The first reaction is to be slightly scared, but then excited about the news that Japan’s SoftBank Group is teaming up with a Saudi sovereign wealth fund to create a new tech investment fund, focussing largely on the Internet of Things.
SoftBank, the visionary and occasionally maverick company led by Masayoshi Son, plans to raise as much as $100 billion in a partnership with Saudi Arabia’s Public Investment Fund.
With these two as foundation investors putting in around $70 billion between them, the idea is to pull other global investors into the fund to create a financial juggernaut to power next generation technologies, many of them in that sweet spot which is the confluence of telecoms and software.
The first thing to be said about this is that the alliance represents an interesting piece of “geo-financial” re-balancing.
A Saudi/Japanese partnership of this scale creates a new leadership momentum for technology development, presenting a bold challenge to US, European and China centric dominance.
SoftBank hasn’t always done things in the conventional way since it was founded in the early 1980s, and has frequently defied – largely western – analysts’ claims that it is built on a house of cards.
While some of its actions have been slightly outlandish, such as the 2008 collaboration with Tiffany & Co to produce a limited edition diamond phone, SoftBank has been on quite an investment roll of late, adding Sprint in the US and investment in Chinese e-commerce giant Alibaba, and ride sharing ventures in China and e-commerce in South Korea.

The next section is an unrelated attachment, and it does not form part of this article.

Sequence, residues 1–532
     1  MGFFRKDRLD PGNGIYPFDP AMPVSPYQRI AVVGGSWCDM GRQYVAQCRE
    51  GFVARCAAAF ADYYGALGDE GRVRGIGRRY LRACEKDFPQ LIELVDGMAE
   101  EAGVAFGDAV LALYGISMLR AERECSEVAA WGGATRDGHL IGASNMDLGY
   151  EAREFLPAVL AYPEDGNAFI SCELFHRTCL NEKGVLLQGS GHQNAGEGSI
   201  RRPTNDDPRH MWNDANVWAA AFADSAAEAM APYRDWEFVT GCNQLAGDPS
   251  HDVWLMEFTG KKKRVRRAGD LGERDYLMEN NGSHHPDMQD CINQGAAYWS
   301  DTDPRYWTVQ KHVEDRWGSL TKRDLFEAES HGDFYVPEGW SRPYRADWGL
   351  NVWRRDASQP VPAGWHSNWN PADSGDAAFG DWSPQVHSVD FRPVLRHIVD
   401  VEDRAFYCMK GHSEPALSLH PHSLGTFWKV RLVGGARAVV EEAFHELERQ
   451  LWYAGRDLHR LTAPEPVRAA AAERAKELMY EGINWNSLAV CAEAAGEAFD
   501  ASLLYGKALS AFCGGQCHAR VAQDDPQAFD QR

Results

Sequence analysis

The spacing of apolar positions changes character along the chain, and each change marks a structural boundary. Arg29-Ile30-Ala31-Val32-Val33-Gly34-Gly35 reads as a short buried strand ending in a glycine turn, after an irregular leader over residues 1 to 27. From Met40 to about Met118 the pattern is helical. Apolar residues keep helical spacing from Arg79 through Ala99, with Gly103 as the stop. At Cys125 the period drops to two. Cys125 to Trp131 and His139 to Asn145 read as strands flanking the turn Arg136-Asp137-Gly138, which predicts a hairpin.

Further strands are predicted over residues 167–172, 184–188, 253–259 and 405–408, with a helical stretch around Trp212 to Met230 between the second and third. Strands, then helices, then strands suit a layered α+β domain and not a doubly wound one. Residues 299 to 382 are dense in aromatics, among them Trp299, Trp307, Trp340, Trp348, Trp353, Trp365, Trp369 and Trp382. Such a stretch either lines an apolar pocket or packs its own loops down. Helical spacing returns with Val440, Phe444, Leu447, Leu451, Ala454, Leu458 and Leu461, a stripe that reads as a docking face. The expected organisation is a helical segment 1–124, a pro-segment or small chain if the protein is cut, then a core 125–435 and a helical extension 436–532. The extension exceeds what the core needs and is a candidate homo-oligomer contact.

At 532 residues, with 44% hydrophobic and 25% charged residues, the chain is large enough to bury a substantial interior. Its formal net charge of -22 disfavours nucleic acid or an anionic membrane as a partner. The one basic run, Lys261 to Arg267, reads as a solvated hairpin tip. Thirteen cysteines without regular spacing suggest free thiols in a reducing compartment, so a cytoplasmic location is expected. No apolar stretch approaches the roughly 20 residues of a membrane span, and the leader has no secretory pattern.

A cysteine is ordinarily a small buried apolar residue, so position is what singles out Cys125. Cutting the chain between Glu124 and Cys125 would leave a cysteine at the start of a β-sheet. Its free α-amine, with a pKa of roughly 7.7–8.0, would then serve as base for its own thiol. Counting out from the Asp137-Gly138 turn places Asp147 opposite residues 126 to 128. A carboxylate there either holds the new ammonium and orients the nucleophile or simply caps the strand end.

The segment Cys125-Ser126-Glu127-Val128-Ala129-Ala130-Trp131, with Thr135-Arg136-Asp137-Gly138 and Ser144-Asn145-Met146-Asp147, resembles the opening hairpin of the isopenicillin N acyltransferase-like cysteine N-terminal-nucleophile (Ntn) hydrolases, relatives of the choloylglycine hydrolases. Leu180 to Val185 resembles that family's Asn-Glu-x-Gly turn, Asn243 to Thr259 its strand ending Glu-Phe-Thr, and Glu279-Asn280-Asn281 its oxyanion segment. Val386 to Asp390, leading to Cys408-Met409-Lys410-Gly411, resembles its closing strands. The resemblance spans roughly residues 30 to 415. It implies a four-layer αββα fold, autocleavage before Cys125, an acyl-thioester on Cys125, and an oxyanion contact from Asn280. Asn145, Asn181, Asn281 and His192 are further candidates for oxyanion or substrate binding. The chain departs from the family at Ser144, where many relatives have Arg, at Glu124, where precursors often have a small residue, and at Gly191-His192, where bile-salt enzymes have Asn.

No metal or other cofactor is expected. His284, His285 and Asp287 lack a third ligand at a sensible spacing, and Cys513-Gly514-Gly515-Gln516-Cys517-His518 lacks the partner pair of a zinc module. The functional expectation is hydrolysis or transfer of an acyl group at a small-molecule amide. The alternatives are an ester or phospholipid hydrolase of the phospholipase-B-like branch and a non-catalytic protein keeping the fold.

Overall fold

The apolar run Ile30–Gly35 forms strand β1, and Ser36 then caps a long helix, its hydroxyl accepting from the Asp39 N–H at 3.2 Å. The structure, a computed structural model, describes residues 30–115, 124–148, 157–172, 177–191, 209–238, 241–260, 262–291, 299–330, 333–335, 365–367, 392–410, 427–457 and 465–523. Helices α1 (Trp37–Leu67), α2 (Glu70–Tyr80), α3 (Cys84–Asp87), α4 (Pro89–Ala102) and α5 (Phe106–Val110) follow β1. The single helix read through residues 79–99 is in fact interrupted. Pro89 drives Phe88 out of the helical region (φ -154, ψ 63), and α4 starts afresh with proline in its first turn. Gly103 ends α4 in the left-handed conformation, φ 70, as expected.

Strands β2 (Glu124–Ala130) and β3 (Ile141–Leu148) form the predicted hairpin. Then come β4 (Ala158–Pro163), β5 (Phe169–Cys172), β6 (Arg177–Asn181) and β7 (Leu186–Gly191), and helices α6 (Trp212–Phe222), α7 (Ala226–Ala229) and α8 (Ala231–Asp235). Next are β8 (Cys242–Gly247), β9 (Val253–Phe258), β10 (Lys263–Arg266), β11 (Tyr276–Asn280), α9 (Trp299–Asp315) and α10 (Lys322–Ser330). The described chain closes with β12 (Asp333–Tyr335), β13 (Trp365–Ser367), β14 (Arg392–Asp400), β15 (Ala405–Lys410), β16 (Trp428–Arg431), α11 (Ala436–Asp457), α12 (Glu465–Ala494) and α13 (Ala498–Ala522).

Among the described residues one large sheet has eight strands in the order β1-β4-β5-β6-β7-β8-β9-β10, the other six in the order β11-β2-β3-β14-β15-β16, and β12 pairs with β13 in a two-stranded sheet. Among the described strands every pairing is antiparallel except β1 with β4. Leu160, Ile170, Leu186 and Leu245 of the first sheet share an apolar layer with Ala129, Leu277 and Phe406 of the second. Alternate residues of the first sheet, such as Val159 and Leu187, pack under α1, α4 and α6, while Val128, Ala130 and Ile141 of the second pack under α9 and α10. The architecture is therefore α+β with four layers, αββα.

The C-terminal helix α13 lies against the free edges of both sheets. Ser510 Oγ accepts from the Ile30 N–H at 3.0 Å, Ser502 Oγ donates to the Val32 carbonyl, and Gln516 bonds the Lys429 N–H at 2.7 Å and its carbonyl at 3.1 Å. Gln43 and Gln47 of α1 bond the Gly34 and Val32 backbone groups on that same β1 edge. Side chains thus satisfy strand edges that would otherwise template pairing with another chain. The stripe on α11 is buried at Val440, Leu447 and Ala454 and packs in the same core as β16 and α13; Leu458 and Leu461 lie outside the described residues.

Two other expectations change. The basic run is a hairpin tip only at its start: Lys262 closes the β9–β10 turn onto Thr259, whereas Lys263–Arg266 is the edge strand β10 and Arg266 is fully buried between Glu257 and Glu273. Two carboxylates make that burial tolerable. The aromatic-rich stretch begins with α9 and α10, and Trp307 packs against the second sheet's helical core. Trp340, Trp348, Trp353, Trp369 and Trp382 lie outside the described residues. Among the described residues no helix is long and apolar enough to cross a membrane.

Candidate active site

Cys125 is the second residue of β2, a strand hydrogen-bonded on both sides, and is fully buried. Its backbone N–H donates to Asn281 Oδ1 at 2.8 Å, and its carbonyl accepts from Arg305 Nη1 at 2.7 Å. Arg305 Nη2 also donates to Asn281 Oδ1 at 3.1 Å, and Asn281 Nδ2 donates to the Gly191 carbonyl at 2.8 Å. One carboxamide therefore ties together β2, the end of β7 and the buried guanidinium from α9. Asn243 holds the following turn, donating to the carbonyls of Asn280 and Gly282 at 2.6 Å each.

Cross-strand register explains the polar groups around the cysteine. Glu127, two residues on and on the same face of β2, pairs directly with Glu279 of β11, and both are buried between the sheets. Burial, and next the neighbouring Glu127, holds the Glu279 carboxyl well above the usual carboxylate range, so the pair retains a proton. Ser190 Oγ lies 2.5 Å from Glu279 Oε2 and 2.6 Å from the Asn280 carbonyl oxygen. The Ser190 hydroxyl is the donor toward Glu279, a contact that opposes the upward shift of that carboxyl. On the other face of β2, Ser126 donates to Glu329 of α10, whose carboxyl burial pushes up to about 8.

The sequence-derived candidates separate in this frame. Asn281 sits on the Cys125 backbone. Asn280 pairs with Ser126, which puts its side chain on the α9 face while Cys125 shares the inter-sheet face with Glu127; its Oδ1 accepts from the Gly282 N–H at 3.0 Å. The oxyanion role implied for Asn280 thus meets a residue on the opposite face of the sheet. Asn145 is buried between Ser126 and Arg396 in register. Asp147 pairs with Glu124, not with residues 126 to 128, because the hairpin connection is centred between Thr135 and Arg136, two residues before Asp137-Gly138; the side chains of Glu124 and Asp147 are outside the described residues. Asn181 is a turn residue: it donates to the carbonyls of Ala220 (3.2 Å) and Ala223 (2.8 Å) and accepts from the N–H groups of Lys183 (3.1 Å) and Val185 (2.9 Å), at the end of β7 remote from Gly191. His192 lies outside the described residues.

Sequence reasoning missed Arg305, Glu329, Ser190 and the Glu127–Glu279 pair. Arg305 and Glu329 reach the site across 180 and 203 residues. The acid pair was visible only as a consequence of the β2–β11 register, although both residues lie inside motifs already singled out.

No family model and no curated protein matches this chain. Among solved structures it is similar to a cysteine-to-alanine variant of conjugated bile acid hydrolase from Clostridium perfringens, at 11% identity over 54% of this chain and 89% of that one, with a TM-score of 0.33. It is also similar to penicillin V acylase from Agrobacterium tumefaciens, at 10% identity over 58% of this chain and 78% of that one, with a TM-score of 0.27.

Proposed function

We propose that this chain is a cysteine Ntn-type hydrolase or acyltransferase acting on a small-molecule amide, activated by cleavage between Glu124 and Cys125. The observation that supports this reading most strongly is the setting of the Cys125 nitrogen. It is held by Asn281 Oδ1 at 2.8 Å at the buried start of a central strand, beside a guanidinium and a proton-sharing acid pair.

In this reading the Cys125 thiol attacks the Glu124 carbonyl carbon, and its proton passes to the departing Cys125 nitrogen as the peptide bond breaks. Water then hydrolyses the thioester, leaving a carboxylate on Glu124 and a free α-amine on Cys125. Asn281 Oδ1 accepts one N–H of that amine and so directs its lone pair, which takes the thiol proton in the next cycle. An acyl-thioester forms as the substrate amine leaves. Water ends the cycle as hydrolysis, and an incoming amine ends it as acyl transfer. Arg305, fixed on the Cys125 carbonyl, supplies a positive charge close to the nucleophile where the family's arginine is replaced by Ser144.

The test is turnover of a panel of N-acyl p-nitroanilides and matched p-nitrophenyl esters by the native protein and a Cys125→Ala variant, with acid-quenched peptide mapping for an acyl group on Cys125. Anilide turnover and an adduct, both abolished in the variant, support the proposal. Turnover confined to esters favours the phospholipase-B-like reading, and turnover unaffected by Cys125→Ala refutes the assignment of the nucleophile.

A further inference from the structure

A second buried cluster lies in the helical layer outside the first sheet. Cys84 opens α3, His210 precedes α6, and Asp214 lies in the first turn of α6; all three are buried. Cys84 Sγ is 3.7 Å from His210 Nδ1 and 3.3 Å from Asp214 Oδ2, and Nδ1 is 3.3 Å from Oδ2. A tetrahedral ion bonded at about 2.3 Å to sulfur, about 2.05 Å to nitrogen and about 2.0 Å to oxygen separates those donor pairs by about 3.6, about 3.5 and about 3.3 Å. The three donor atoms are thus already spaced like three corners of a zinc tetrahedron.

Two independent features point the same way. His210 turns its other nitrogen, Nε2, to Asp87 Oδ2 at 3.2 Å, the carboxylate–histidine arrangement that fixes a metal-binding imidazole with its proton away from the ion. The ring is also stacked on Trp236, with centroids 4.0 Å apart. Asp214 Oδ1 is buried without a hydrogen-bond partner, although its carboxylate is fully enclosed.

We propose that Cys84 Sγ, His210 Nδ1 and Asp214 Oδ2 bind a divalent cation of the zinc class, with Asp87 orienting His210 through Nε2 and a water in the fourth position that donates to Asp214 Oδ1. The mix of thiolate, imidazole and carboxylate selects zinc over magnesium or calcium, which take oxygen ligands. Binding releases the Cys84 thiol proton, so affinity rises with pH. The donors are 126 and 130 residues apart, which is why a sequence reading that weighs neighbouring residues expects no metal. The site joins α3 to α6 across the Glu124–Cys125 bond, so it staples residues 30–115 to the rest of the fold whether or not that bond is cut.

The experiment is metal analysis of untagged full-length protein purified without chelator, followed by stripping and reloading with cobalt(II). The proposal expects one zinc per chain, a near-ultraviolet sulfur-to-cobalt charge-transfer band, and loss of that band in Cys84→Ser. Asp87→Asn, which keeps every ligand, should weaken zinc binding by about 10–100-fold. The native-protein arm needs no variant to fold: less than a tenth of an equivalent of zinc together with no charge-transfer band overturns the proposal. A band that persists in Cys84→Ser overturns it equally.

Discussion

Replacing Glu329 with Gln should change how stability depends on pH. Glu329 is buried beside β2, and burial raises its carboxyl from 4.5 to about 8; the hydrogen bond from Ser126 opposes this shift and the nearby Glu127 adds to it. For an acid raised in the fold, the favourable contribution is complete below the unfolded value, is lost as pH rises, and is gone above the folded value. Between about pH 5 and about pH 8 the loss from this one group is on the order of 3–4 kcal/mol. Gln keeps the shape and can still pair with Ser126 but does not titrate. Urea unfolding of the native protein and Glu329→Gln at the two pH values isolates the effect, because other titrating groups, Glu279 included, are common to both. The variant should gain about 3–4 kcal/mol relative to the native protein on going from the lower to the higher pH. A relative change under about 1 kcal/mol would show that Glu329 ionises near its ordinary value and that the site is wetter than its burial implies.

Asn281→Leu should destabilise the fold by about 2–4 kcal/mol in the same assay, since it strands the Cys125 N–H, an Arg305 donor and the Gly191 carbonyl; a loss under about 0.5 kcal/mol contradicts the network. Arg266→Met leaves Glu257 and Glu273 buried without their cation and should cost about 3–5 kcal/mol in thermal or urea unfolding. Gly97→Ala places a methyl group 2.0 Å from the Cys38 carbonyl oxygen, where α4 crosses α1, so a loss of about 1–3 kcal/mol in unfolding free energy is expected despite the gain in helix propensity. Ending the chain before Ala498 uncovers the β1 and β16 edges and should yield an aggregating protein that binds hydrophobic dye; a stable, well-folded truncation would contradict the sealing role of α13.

Founder Masayhoshi Son has put his retirement plans on hold and seems re-invigorated to drive the creation of “Softbank 2.0,” although Softbank 1.0 has some legacy issues to copy with first such as a $100 million debt pile and issues turning around Sprint.
To create the new fund, it has cashed out some $10 billion of its shares in Alibaba, in which it has a 28% stake.
For the Saudis, the fund is significant as a way of diversifying public investment out of the oil industry, which currently delivers two thirds of government revenue. Even the oil kingdom understands that oil is the past and the present, but not necessarily the future.
In spearheading the fund, the new partners will be very much looking to leverage the capabilities of UK chip design house ARM Holdings, snapped up recently for $32 billion – Japan’s biggest ever outbound investment deal.
The ARM story has been well documented. It has harnessed the boffin power of Cambridge University to become the best known of the “Silicon Fen” companies, and its IP dominates instruction set architecture in embedded systems in ubiquitous devices, such as smart TVs, smartwatches and old style technology such as mere laptops and desktops.
The new fund will be based in the UK, an interesting position for straddling the various pockets of innovation happening in the hi-tech world.
To put it all in perspective, KPMG estimates that in the year to September venture capital backed companies around the world – most of them tech focussed – raised around $80 billion.
So in one deal, SoftBank and the Saudi’s could be creating a venture which – at an annual investment rate of $20 billion – could account for one fifth of global venture capital investment.
How this plays out will be fascinating to watch. SoftBank is nothing if not adventurous, and with additional financial muscle behind them the results could be truly transformative.
If you weren’t already strapping yourself in for a wild ride over the next five to ten years, it’s time to start doing it now.